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a man walks 7.0miles at 55 degrees north of west. then turns and walks 8.5miles at...

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lizanna | eNotes Newbie

Posted October 20, 2013 at 4:00 PM via web

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a man walks 7.0miles at 55 degrees north of west. then turns and walks 8.5miles at east. he turns again and walks 2.0 miles at 64 degrees north of east. what is his displacement 

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Zaca | Student, Undergraduate | (Level 1) Salutatorian

Posted October 20, 2013 at 5:25 PM (Answer #1)

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Displacement is the distance from the end point and the starting point.

To calculate that, we'll find the distances travel in the x and y direction during all three directions of movement. 

Then we'll combine movements in the x direction and combine movements in the y direction. 

After that we'll use the distance formula to find the distance between the origin (starting point) and the end point.

See images :)

Note: Picture not drawn to scale

Another note: 55 degrees North of West means start in west direction and move 55 degrees to the north. 64 degrees North of east means start at east direction and move 64 degrees North.

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labrat256 | (Level 2) Adjunct Educator

Posted October 20, 2013 at 5:44 PM (Answer #2)

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One way to imagine this question is as a quadrilateral. You're given 3 sides and you've been asked to calculate the remaining side.To do this, sum up the 3 sides you know, and what remains will be the remaining side.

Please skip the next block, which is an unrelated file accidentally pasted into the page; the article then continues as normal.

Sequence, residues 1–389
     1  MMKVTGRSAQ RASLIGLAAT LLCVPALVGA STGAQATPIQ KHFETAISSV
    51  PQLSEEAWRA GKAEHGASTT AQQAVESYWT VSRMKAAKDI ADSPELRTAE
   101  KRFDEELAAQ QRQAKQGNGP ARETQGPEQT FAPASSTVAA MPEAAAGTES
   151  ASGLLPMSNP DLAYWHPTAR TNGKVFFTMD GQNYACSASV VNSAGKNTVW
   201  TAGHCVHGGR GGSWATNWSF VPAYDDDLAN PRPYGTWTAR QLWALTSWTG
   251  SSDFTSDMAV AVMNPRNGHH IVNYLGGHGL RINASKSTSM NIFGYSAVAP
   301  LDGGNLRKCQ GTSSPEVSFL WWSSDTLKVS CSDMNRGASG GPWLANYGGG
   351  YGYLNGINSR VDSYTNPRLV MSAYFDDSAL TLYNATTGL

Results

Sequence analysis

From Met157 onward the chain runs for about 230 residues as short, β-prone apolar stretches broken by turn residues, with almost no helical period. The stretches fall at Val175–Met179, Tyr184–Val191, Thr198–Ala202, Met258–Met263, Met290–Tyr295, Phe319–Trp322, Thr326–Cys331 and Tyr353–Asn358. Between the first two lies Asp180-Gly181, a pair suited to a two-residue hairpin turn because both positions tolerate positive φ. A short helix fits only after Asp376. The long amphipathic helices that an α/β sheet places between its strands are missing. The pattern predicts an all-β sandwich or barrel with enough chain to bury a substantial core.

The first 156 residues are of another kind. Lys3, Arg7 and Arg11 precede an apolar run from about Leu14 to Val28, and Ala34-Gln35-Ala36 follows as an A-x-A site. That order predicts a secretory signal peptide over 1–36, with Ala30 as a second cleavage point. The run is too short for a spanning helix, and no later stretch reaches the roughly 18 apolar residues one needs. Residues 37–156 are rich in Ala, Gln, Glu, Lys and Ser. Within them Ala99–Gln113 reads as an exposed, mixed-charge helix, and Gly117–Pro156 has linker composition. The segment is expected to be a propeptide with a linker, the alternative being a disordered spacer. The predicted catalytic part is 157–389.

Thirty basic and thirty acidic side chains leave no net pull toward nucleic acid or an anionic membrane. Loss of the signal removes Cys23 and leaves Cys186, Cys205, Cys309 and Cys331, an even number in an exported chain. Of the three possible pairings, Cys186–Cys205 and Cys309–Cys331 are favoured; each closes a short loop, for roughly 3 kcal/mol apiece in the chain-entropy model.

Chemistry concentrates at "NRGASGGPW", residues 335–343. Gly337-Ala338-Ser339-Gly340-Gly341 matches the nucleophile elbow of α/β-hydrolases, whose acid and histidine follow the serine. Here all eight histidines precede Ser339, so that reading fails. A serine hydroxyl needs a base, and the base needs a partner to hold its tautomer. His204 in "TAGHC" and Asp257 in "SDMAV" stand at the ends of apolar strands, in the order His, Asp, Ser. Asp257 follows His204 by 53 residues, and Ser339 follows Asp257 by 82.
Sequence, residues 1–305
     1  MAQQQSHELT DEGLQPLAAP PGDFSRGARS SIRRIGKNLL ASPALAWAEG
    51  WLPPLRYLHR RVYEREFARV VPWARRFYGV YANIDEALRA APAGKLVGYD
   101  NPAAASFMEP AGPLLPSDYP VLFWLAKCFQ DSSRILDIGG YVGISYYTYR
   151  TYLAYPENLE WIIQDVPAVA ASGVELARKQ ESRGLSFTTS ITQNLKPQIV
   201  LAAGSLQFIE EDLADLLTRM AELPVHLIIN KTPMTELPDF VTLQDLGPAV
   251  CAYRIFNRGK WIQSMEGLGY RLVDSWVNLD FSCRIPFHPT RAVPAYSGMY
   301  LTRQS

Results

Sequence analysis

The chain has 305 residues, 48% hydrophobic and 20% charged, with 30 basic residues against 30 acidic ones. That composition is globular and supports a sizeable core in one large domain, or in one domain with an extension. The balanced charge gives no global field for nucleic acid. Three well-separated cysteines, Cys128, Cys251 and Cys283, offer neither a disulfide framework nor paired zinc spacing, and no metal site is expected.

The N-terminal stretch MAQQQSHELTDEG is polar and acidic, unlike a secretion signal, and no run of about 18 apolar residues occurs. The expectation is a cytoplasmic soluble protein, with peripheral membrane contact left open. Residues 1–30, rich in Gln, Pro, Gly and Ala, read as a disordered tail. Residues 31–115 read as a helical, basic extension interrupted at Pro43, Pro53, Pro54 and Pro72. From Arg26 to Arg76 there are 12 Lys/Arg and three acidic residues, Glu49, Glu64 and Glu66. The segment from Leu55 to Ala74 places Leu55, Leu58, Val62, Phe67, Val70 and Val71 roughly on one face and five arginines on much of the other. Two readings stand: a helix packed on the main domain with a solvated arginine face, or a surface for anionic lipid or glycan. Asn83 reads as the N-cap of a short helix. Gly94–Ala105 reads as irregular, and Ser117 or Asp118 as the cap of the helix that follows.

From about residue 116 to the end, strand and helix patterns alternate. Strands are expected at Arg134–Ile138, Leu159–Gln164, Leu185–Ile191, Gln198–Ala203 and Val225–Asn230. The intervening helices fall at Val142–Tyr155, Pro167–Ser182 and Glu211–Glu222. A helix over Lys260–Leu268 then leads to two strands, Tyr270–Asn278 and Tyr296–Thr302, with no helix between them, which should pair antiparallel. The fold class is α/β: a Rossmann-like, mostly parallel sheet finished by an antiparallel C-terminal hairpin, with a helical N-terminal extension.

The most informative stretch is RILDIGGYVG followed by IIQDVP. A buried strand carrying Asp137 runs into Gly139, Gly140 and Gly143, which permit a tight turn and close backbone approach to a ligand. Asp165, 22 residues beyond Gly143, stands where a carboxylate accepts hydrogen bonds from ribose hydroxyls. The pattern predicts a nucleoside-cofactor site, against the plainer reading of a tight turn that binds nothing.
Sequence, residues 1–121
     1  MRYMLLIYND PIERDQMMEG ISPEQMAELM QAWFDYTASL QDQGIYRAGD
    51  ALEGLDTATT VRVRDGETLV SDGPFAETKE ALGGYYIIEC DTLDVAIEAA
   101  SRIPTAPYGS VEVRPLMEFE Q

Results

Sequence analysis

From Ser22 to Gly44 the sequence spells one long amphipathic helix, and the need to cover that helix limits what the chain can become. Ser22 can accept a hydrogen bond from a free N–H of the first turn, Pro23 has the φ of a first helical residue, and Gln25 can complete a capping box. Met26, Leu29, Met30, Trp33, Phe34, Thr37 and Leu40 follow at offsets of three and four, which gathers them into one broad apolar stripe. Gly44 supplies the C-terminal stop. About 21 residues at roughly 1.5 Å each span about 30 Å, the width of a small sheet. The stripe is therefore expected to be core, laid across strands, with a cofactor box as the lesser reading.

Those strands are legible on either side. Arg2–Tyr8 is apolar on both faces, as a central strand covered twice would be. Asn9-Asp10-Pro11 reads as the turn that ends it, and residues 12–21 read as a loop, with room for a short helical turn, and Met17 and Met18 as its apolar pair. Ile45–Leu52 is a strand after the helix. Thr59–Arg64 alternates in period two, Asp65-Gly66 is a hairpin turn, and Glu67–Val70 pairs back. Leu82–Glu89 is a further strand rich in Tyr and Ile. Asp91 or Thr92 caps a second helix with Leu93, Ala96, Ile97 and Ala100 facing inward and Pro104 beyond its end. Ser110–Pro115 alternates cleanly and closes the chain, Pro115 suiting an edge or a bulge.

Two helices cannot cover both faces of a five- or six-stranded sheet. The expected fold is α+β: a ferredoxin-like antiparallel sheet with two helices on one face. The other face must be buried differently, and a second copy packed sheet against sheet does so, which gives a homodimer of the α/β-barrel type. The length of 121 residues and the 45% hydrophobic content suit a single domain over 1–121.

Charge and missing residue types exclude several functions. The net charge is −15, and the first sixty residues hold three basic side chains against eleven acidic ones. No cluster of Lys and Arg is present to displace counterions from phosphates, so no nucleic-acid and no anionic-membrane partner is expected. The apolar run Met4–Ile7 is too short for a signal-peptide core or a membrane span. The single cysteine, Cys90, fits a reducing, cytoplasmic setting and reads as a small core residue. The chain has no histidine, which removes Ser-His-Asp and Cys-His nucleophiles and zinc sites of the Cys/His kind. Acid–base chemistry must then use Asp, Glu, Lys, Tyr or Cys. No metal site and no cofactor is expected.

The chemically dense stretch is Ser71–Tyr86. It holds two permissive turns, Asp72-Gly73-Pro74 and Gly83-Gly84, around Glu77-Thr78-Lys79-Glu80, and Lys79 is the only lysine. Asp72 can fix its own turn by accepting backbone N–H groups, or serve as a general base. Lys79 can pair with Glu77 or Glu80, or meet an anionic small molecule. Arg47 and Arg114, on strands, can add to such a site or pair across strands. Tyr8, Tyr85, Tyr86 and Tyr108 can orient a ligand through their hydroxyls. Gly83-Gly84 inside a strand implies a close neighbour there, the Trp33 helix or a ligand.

I like at times like this, it's often easier to split up the displacement north from the displacement east as each line can be considered as the hypotenuse of a right-angled triangle with the other two sides pointing north and east. This requires trigonometry to work out.

Remember the rule for the trig functions SohCahToa. `sin(angle)=((opposite)/(hipotenuse))`

`cos(angle)=((adjacent)/(hypotenuse))`

`tan(angle)=((opposite)/(adjacent))`

Take the first line (which I'm going to enotre with a subscript 1), 7 miles at 55° North of West. To work out how far along the North axis that will take him, see that we have the angle opposite to the side we want to know about and the hypotenuse. We therefore need the Sine trig function.

Plugging in the details above, we get

`sin(55^@)=((?_1_n)/(7))`

which can then be rearranged to

`?_1_n=7*sin(55^@)` miles north

Doing the same with the West component using the Cos function gives:

`?_1__e=-7*cos(55^@)`

As I am using East for the coordinate direction, any distance travelled West is considered negative.

For the second line (8.5m east), there is no north component, only east. Therefore, the North component is 0 and the East component is 8.5m. 

For the third line, (2m at 64° north of east), the same applies. Thus the North component is

`?_3_n=2*sin(64^@)`

and the East component is

`?_3_e=2*cos(64^@)` 

At this point we have all the information we need. To get the North component of the displacement, sum the 3 North components together.

`?_n=7*sin(55^@)+0+2*sin(64^@)`

`?_n~~7.53` miles

and sum the 3 East components together to get the east component of the displacement.

`?_e=-7*cos(55^@)+8.5+2*cos(64^@)`

`?_e~~5.36` miles

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